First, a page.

An electrical schematic of the interface module is presented in FIG. 4. As illustrated, jumper wires 48 for address bits A0, A3, and A4 have been clipped. Thus, the eight wires together identify an address such as 10011000. The jumper wires 48 are connected at one end in common and preferably to a system line S1. The opposite ends of the jumper wires are individually connected to the address contacts A0-A7 so that the individual states of the jumper wires can be interrogated by the detector electronics. The connectors 20 are also individually connected to signal lines S1-S5 in the device connector 50.
As an alternative, the conductors 36 may be replaced by a DIP switch. However, the use of jumper wires or other breakable conductors is generally preferred over a DIP switch because of the reduced cost, increased reliability and the permanence of the address. With that permanence it is less likely that an address will be inadvertently or maliciously changed. As yet another alternative, the jumper wires 48 could be replaced by zero ohm resistors which are more suitable for fabrication with automatic insertion equipment. Rather than breaking connections, the identifier could initially have sockets with no connections, connections being selectively made by adding conductors.
Once the wires 22 have been connected to the connector 20 and the conductors 36 have been appropriately clipped to identify an address, the cover 50 is again closed. The module 16 may remain suspended in the box 18 during completion of the building construction. Then, to install the addressable device, a mounting base 14 is mounted by a pair of screws to the electrical box 18. With the present invention, the mounting base 14 can be in its simplest form of only a plate having fingers 40, from which the detector 12 is later suspended, and an opening 38. The detector is installed by first connecting the interface module 16 and the addressable device 12 through complementary connectors 42 and 44. Through those connectors contact is provided from the addressable device to the eight address conductors 48 and to the five signal lines at the system connector 20. With that simple connection, electrical connection to the smoke detector 12 is complete. The detector can then be pressed against the base and rotated so that tabs therein mate with the fingers 40 to attach the detector.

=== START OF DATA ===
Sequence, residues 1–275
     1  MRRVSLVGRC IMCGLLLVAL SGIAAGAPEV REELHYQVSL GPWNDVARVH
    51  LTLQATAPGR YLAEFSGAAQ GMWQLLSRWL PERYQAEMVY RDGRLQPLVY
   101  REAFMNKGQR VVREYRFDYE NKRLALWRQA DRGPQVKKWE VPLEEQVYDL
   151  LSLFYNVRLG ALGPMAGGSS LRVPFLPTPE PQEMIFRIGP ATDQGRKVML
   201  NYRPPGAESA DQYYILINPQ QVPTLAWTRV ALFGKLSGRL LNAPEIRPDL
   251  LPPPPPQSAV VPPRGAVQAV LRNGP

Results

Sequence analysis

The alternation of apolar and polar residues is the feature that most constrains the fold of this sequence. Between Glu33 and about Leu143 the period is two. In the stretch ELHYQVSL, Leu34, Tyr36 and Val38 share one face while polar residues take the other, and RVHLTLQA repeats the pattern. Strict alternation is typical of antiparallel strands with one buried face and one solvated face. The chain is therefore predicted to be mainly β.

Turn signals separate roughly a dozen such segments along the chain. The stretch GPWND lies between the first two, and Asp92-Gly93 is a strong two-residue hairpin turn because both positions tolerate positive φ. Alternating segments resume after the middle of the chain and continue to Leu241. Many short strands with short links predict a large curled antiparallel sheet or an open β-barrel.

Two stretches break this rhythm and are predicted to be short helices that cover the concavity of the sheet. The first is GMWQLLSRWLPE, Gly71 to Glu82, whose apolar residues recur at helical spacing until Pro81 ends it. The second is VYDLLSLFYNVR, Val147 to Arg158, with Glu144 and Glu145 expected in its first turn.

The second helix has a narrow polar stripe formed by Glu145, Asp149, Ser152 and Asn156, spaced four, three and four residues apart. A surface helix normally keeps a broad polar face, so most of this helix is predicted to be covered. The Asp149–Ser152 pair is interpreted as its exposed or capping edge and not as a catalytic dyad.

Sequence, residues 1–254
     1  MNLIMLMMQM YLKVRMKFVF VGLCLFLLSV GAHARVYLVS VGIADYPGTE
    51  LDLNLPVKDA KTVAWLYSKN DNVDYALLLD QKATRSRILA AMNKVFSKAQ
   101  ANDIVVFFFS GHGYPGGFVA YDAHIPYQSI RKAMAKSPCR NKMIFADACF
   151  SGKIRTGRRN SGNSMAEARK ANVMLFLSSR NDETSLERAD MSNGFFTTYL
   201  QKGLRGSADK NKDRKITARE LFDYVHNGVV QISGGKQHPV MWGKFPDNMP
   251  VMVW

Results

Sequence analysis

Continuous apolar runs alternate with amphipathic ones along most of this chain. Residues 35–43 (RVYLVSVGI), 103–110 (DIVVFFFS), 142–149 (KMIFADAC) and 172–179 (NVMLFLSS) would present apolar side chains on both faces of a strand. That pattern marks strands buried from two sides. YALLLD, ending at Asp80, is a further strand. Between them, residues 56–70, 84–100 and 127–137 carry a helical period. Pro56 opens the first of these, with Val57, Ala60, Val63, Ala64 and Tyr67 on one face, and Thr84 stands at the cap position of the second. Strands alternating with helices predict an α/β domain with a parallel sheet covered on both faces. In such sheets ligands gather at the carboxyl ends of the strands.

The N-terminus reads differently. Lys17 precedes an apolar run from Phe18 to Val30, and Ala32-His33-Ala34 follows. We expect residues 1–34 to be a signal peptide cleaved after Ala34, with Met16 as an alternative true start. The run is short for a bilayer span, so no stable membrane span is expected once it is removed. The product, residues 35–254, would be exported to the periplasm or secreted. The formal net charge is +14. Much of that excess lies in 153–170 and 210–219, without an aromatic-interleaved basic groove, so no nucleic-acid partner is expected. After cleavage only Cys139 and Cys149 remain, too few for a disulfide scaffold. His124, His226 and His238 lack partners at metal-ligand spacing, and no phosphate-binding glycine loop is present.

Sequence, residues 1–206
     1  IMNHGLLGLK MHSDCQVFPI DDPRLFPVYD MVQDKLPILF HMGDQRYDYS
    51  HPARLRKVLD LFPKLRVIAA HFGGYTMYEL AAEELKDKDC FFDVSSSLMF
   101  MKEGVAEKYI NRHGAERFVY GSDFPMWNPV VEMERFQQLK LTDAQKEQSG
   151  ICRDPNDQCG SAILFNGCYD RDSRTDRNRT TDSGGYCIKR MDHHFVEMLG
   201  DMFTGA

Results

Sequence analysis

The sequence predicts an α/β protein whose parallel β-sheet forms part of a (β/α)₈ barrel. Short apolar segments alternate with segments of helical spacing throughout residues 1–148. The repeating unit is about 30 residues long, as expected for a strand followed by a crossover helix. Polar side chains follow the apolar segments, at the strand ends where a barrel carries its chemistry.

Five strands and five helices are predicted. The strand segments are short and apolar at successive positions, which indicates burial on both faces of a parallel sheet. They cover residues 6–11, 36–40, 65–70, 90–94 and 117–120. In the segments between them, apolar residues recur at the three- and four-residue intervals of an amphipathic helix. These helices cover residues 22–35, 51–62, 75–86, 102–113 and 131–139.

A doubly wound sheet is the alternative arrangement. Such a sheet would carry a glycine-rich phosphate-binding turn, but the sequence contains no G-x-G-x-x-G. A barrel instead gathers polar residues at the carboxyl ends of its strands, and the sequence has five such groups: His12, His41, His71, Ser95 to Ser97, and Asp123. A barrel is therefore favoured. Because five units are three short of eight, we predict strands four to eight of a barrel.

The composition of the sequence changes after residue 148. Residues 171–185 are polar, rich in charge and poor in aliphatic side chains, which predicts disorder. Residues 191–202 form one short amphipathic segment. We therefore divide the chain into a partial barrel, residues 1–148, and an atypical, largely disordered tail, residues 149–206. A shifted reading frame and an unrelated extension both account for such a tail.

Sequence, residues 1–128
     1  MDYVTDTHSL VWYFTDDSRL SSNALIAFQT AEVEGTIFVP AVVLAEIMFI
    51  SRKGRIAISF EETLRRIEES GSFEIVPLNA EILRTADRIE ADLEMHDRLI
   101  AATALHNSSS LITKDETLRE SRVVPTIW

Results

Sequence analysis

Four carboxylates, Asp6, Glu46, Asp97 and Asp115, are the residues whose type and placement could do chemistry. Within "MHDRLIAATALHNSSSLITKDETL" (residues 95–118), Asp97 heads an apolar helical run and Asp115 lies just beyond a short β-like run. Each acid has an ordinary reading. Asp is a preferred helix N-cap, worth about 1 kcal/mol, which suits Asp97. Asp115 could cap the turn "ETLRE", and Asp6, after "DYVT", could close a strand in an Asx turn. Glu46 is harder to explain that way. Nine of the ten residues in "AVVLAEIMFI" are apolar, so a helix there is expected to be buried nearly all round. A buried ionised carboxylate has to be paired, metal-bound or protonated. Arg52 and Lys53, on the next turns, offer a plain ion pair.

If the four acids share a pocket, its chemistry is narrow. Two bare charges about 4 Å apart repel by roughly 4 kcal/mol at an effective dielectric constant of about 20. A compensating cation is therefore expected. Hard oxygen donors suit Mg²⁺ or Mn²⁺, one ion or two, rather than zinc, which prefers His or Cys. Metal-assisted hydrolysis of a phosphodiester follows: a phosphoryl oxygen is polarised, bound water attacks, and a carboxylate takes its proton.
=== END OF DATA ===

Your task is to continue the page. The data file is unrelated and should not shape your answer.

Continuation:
In the illustration, the connectors are printed circuit board type connectors in which the device connector 42 on the module is a board which is inserted into the connector 44 on the addressable device. As illustrated, the circuit board connector 42 has 15 contact leads 46, 15 being a standard number of contacts, but any other number is possible. Also any other form of connectors, such as pin and socket connectors may be used.
Electronics in the detector 12 are powered directly from the positive and negative system lines S1 and S2 from the control panel. Thus activated, the electronics in the detector 12 read the state of the jumper wires to identify the address of the detector. Thereafter, the control panel may routinely interrogate the detector in accordance with the approach set forth in the above-mentioned Farley et al. patent.
While this invention has been particularly shown and described with references to preferred embodiments thereof, it will be understood by those skilled in the art that various changes in form and details may be made therein without departing from the spirit and scope of the invention as defined by the appended claims. For example, for a flat profile, the connector 44 on the addressable device may be oriented transversely relative to the device center axis so that the interface module can be positioned flush against the back of the device and slid into place. Or the contacts of connector 42 may extend from the rear surface of the module. The device connector need not be rigidly fixed to the module substrate. It may be coupled to the main body of the interface module through a short cable. Either connector may be a set of free wires extending from the module substrate. The system wires, for example, could then be connected with wire caps. The module is preferably of molded plastic, but it may be based on a small circuit board. The cover is a desirable option to protect the contacts on the interface module but is not a requirement.